The minister was still the schoolmaster in the early 18th century. (fn. 47) By the early 19th century, however, he no longer taught but paid £8 of the £20 stipend to a master who taught 15 poor boys to read. (fn. 48) Between 1806 and 1814 the governors of Walsall grammar school also paid the master £25 a year to teach 25 boys writing and arithmetic. (fn. 49) In 1819 the payment was being continued by the parish. (fn. 50) The chapel clerk was the master in the early 19th century. He lived in the non-resident minister's house rent-free and apparently taught the children there; (fn. 51) the 'day school in the chapel yard' mentioned in 1813 (fn. 52) was presumably the minister's house. In 1826, however, John Baylie, the newly appointed minister, decided to occupy the house. Then homeless, the school declined into a Sunday school, meeting in public house clubrooms. (fn. 53)
Baylie re-established the school in 1828 as a National school for boys and girls, built on a site given by Lord Bradford at what is now the northern end of High Street, Bloxwich. Fees of 1d. or 2d. a week were charged, but part of the income from Parker's bequest was used to provide free education at the school for 15 boys. (fn. 54) In 1833 108 boys and 70 girls attended on weekdays and 140 boys and 80 girls on Sundays. In 1844-5, with the aid of grants from government and the National Society, a classroom and an infants' schoolroom were added. A teacher's house was built in 1846. (fn. 55) In 1857 the basic weekly fee was 2d. for boys and girls and 1d. for infants. There was an additional fee of 2d. a week for older girls and for boys who attended an extra class held between 4 p.m. and 5 p.m. (fn. 56)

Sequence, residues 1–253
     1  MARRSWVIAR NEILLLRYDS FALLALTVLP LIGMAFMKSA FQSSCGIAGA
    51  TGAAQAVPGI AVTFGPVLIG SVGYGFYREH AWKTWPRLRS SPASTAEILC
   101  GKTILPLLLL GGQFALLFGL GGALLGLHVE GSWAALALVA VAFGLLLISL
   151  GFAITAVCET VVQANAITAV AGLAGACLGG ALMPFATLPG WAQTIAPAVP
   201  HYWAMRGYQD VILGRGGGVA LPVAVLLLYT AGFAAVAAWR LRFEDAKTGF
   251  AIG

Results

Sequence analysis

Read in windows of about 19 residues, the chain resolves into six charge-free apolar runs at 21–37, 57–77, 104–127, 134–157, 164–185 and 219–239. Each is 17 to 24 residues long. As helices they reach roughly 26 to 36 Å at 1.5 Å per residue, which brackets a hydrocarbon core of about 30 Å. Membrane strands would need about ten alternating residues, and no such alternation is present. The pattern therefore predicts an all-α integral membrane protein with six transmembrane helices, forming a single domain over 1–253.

In 1862 the schools were rebuilt on the same site. (fn. 57) They were enlarged c. 1900. (fn. 58) In 1931, after further additions and alterations to the buildings, the schools, by then known as Bloxwich Church of England Schools, were reorganized as senior mixed and junior mixed and infants' schools. The senior mixed school became a secondary modern school after the 1944 Education Act. Both schools took voluntary controlled status in 1948. (fn. 59) In 1974 the secondary school was closed and its buildings were taken over by the junior and infants' school. (fn. 60)
Blue Coat Church of England Schools.
Between 1656 and 1662 the corporation paid a man to teach poor children. (fn. 61) The payments may mark the establishment of the town's Blue Coat charity school; (fn. 62) if so, the school must have been supported by private donations after 1662, for the corporation seems to have made no further payments. No Walsall charity school is mentioned in a list published in 1709. (fn. 63)